On Wed, Jun 20, 2012 at 12:41 PM, Tom Lane <t...@sss.pgh.pa.us> wrote:
>> The fact is that this is likely to be a fairly significant
>> performance win, because strxfrm() is quite simply the way you're
>> supposed to do collation-aware sorting, and is documented as such. For
>> that reason, C standard library implementations should not be expected
>> to emphasize its performance - they assume that you're using strxfrm()
>> + their highly optimised strcmp()
> Have you got any evidence in support of this claim, or is it just
> wishful thinking about what's likely to be inside libc?  I'd also note
> that any comparisons you may have seen about this are certainly not
> accounting for the effects of data bloat from strxfrm (ie, possible
> spill to disk, more merge passes, etc).
> In any case, if you have to redefine the meaning of equality in order
> to justify a performance patch, I'm prepared to walk away at the start.
> The range of likely performance costs/benefits across different locales
> and different implementations is so wide that if you can't show it to be
> a win even with the strcmp tiebreaker, it's not likely to be a reliable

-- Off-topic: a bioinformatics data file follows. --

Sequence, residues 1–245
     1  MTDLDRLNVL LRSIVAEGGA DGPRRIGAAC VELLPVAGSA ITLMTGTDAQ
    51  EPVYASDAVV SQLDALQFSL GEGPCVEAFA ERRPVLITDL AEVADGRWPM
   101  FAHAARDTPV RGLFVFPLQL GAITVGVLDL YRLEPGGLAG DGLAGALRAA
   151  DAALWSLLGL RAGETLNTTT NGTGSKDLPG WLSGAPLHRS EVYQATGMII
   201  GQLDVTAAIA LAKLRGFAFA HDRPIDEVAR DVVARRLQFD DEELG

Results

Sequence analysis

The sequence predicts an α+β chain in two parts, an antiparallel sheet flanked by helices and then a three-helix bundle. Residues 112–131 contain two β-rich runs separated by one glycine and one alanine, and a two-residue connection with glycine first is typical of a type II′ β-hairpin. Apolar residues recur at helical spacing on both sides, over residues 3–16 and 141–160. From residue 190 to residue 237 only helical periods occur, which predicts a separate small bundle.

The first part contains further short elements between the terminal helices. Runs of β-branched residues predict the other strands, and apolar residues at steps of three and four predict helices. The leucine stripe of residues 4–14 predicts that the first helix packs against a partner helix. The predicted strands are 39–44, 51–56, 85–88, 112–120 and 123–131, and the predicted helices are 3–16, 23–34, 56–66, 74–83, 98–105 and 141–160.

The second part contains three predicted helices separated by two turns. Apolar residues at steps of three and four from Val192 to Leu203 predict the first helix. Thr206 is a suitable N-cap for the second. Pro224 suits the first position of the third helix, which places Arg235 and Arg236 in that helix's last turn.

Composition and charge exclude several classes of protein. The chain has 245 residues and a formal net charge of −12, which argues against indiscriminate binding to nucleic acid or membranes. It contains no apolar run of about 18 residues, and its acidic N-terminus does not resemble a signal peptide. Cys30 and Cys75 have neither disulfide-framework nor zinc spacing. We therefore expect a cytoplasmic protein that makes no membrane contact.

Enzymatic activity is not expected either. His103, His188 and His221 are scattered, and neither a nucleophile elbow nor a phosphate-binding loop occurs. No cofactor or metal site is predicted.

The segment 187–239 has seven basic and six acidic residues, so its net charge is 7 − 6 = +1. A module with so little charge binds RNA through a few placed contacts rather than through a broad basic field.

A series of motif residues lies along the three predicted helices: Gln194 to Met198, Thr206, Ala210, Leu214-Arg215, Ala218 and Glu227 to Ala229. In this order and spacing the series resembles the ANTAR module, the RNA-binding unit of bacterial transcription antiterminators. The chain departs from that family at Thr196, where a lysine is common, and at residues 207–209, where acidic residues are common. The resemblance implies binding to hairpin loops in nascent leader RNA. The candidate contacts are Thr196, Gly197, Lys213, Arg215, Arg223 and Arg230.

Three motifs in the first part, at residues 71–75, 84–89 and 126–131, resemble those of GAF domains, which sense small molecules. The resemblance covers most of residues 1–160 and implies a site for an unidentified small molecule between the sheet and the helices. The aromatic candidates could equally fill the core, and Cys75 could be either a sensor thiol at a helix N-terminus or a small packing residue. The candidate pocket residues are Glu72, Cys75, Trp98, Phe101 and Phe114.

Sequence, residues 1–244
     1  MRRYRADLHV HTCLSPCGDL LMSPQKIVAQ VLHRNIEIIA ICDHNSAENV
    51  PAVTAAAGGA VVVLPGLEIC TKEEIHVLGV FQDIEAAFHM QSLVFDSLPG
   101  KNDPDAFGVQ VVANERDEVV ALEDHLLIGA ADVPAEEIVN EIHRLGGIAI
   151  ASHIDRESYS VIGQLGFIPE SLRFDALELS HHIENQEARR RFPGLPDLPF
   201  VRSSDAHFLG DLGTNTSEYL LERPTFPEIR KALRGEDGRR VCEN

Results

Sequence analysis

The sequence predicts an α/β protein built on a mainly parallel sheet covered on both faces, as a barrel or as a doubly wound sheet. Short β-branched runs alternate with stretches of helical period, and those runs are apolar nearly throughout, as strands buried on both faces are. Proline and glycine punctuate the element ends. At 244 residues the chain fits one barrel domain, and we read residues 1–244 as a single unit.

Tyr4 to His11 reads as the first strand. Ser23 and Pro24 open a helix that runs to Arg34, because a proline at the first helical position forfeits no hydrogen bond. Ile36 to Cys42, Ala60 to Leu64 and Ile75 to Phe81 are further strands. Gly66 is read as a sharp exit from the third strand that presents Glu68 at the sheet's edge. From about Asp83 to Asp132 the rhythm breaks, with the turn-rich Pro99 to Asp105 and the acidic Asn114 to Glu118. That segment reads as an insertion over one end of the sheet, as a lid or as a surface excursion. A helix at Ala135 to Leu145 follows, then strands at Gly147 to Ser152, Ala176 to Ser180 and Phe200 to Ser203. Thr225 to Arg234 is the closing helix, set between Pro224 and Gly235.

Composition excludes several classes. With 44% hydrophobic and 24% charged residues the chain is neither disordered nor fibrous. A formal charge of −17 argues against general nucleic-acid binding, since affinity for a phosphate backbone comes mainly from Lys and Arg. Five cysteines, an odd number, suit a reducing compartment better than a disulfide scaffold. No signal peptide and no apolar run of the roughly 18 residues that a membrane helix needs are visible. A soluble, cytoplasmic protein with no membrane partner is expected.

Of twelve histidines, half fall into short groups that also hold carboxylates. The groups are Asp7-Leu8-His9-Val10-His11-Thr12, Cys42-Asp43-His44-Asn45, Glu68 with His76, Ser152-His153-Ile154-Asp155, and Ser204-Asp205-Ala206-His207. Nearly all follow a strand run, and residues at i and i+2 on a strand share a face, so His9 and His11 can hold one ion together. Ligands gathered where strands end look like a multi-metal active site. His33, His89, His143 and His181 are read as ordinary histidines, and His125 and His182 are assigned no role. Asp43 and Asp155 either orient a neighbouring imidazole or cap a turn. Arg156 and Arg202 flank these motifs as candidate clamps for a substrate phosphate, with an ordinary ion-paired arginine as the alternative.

> win without that.

On the testing I've done, the strcmp() tie-breaking rarely gets run
anyway.  Unless you're sorting data with only a few distinct values,
most comparisons are between values that are distinct under any choice
of collation, and therefore strcoll() returns 0 very rarely, and
therefore the additional runtime it consumes does not matter very
much.  Also, it's quite a bit faster than strcoll() anyway, so even
when it does run it doesn't add much to the total time.

I think the elephant in the room here is that we're relying on the OS
to do everything for us, and the OS API we use (strcoll) requires an
extra memcpy and is also dreadfully slow.  If we could solve that
problem, it would save us a lot more than worrying about the extra
strcmp().  Of course, solving that problem is hard: we either have to
get the glibc and FreeBSD libc folks to provide a better API (that
takes lengths for each input instead of relying on trailing nul
bytes), or reimplement locales within PG, or store trailing NUL bytes
that we don't really need in the index so we can apply strcoll
directly, none of which are very appealing.

Robert Haas
EnterpriseDB: http://www.enterprisedb.com
The Enterprise PostgreSQL Company

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